Course Description

Web 2 is a survey of current tools and practices for building production-ready websites. Extending the foundational skills and concepts of Web 1, Web 2 explores the use of templates and frameworks to speed up and enhance development. The course is project based; research focused (lots of googling!); and collaboration oriented. Best practices in accessibility, media production, and performance are covered. Due to its constantly evolving nature—an overarching verity of the web—Web 2 is largely a course about navigating how to learn about web design.


Upon completion of the course, students will be able to:

  • Demonstrate a broad understanding of the field of web design - its narrative capabilities, reach, technologies, history, and constant evolution
  • Apply critical thinking and design skills to web design in a collaborative environment
  • Build responsive layouts utilizing a CSS framework (e.g. Bootstrap) for rapid development
  • Prepare and deploy rich content media (images, streaming media) on the web
  • Construct wireframes and prototypes using purpose-built software (e.g. Adobe XD) for proofing and collaboration
  • Utilize infographics as an effective visual communication tool
  • Understand the role and universal value of accessibility in web design
  • Consider accessibility best practices throughout the process of interface design and code authoring
  • Employ best practices in the SEO of content
  • Effectively typeset for screen mediums
  • Understand the high level structure, implementation, and use cases of CMS platforms like Wordpress
  • Describe the differences, pros, and cons between traditional, monolithic web applications and fragmented, serverless architecture
  • Understand the principles and implications of internet security and privacy

Learning Activities

Mastery of skills and knowledge will be assessed through a combination of projects, assignments, discussion, and critique.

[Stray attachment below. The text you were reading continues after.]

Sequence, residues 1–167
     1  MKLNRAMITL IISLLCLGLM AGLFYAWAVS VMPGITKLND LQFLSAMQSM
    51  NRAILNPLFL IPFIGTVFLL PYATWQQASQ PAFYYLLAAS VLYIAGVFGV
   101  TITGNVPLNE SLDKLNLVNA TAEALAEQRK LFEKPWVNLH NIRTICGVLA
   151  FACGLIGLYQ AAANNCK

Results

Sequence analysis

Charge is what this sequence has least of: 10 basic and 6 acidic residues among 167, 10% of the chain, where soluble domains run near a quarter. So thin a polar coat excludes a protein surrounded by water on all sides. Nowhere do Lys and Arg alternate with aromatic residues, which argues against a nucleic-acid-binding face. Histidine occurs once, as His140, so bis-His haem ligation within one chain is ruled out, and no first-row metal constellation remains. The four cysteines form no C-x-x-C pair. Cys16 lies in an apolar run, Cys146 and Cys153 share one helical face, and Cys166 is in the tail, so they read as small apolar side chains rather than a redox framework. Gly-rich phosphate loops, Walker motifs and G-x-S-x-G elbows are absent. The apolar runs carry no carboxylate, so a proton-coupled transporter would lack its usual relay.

• SEO Experiment - Deploy a mini website that is SEO optimized about a given topic. Monitor its standing in search results over the course of the semester.
  • Infographic - Construct a responsive, web-based infographic to effectively communicate a concept.
  • HTML Email - Assess the options for managing marketing and subscription based emails. Create a landing page and email campaign for the class to participate in.
  • CMS Project - Assess the options and use cases for different types of CMS’s. Build a small website using a CMS and experiment with its template structure.
  • Self-directed Project - Plan, prototype, build, and deploy a website of your choosing.


  • Web 1 Review - Review Web 1 skills and concepts.
  • Bootstrap Travel Page - Construct a travel destination page using Bootstrap.
  • Responsive Homepage - Create a responsive homepage directory for your projects and content.
  • Media/Video Narrative - Create a video to embed and share using a streaming media provider (Youtube, Vimeo, etc).
  • Responsive/Advanced Typography - Create a text-only page with excellent readability. Experiment with vertical rhythm and optionally with OpenType features.
  • Accessibility Discussion - Try screen readers and alternate input methods (voice), and report on the experience.
  • Web Forms - Use an online form builder to collect information from classmates, and collect the results in another service (Google Sheets, Airtable, CSV, etc)

Participation and Critique

This course is fast paced and highly technical. Help will be provided as much as possible, but the instructor is only one source for help and guidance. Students are strongly encouraged to seek additional information online, and to help one another. A certain level of base knowledge and technical ability is also assumed.

Engagement with the material and fellow classmates is crucial to your learning goals and, more broadly, the success of the class. Students should be prepared to discuss, collaborate, and work during scheduled class blocks. Research outside of class to prepare should be expected.

Critiques are extremely important opportunities for constructive feedback, student growth, and discussion. Please offer your peers your undivided attention, and respect. Students who miss a live critique may be asked to share feedback in another format.


Completed projects and assignments will be presented as published websites. Code files and all offline materials (design briefs, roughs, wireframes, etc) will be submitted through a shared class Google Drive.

Students will maintain a sketchbook or similar collection of notes throughout the class. Note taking, journaling, sketching, diagramming, and brainstorming are all important parts of the design process.

Relevant sketchbook materials will be submitted with each project as partial evidence of the work product. They do not need to be tightly organized or highly polished. Photographs will suffice for physical materials.

Students are expected to keep backups of all work. Equipment failure is not an excuse for missing work. Please reach out if you need help creating or maintaining backups.


Success in this course will be measured by more than just technical execution. The process, engagement with the learning materials, and creativity in problem solving are as important as whether the end result was fully successful.